Memphis Slim: 9/3/1915
John Len Chatman was pivotal blues composer, singer, and piano player. He is better known by his stage name Memphis Slim, influenced from his birthplace in Memphis, Tennessee. This name was given to him by producer Lester Melrose of Bluebird records where Slim became a regular session musician. He became a prominent name in the blues community, especially in the jump blues realm and had over 500 recordings over the course of his career. He also wrote and performed “Every Day I Have The Blues.” The 1947 song “became a blues standard and was recorded by many other artists.” Slim passed away in 1988 at 72 years old while in Paris, France.




Danny Gatton: 9/4/1945
A multi-faceted guitarist who could fit into many different music styles and was vastly underrated. Born in Washington DC, Danny Gatton began playing guitar at the young age of nine and was influenced by his father who played rhythm guitar in a local band. Gatton uniquely “fused blues, rockabilly, jazz, and country to create a style called ‘redneck jazz.’” He also utilized a picking style associated with the banjo that allowed him to get his signature tone. Gatton is still cited as an inspiration for many musicians and was even selected at the 27th best guitar player of all time by Gatton is known as “The Telemaster” and “the World’s greatest unknown guitarist.”



George Miles, Jr. AKA Buddy Miles: 9/5/1947
When your credential list includes Carlos Santana, Mike Bloomfield, John McLaughlin, and Jimi Hendrix, you must be pretty good. Buddy Miles was one of the funkiest drummers of the 1960’s and 70’s. Of course, one of his biggest claims to fame was when he was a member of Hendrix’s Band of Gypsys. Miles continues to be a reference for solid and groovy drum work and is a legend of funk and rock music.




Mathis James Reed AKA Jimmy Reed: 9/6/1926
Pioneering electric blues musician and guitarist whose work throughout the 50’s and 60’s not only greatly influenced blues music of the time, but had a tremendous effect on the blossoming genre of rock & roll. His steady release of R&B chart-toppers brought about the likes of “Big Boss Man”, “Bright Lights, Big City”, “Ain’t That Lovin’ You Baby”, and “Baby What You Want Me To Do”. Those classics were devoured and regurgitated by everyone from Elvis Presley to the Rolling Stones and everyone in-between. He not only impacted many fans but inspired a large number of musicians. A few of these include Elvis, Clapton, Billy Gibbons, Stevie Ray Vaughan, the Rolling Stones, and many more! He was also “posthumously inducted into the Blues Hall Of Fame in 1980 and the Rock and Roll Hall of Fame in 1991.”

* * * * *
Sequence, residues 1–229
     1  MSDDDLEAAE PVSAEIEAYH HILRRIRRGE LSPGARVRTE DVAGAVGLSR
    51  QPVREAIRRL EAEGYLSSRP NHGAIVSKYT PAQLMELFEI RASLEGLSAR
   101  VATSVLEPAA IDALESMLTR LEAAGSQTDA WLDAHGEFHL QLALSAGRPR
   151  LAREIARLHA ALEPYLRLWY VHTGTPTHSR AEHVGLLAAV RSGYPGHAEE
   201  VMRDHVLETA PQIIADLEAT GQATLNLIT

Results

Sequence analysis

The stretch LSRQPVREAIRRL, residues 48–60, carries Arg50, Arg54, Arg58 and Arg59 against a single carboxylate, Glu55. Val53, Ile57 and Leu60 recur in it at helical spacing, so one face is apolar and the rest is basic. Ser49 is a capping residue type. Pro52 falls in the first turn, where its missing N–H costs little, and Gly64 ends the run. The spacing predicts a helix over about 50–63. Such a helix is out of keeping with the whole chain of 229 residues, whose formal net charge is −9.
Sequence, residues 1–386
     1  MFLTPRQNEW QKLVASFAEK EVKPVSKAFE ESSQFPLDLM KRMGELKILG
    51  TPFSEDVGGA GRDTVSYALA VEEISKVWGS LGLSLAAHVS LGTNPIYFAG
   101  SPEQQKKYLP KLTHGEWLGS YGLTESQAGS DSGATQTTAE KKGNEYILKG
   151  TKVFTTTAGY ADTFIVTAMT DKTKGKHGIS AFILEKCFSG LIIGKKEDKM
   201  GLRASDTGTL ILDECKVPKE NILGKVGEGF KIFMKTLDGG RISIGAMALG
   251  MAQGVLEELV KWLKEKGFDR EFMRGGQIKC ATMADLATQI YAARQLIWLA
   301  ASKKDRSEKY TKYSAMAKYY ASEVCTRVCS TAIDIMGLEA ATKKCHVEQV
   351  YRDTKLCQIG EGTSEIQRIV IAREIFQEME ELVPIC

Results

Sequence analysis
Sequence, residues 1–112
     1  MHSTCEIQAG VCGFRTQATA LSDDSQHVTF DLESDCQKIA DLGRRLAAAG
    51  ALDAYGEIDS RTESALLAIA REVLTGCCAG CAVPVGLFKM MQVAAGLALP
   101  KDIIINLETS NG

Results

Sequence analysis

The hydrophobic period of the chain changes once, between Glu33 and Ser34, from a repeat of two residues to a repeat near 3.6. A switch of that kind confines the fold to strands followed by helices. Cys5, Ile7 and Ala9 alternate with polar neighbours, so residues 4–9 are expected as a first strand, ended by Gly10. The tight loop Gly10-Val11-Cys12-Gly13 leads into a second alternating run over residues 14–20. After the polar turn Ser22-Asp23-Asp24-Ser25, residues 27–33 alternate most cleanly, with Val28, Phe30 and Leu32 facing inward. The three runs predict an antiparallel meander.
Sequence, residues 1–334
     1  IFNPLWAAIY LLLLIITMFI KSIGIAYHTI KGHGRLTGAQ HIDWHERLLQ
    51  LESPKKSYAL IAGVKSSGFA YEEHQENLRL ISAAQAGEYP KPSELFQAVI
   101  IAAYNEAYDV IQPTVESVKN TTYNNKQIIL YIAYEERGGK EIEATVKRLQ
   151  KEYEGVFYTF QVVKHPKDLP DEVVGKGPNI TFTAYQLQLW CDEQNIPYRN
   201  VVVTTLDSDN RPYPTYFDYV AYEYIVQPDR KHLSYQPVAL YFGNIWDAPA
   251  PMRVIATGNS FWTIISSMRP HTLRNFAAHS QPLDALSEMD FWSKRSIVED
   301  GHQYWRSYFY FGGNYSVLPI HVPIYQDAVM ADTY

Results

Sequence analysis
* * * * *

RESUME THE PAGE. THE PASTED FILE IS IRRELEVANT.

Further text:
Little Milton: 9/7/1934
James Milton Campbell was born in the Mississippi Delta by a farmer and blues musician. By the time he was twelve he was already performing on the streets, playing the music by his primary influence T-Bone Walker. He caught the attention of Ike Turner who was able to get him a deal with the popular label, Sun Records. After some of his albums began to wane, he decided to try his talents as a producer and worked with Albert King and Fontella Bass and helped to jump start their careers.
Milton passed away in 2005 at the age of 70 due to a stroke.




Otis Redding: 9/9/1941
“The Big O,” “The Man From Macron,” “Rockhouse Redding,” and “The King Of Soul.” It’s hard to imagine that someone who lived only until he was 26 could warrant so many nicknames. Otis Redding was one of the most popular soul and RnB singers in the 60’s and his still “considered one of the greatest singers in the history of popular music. He wrote and recorded one of the most famous songs in history “Sittin’ On The Dock of The Bay” shorty before a fatal plane crash in 1967. Redding’s influence spans several generations and genres and will always have a place in our hearts!


Patrick Ortiz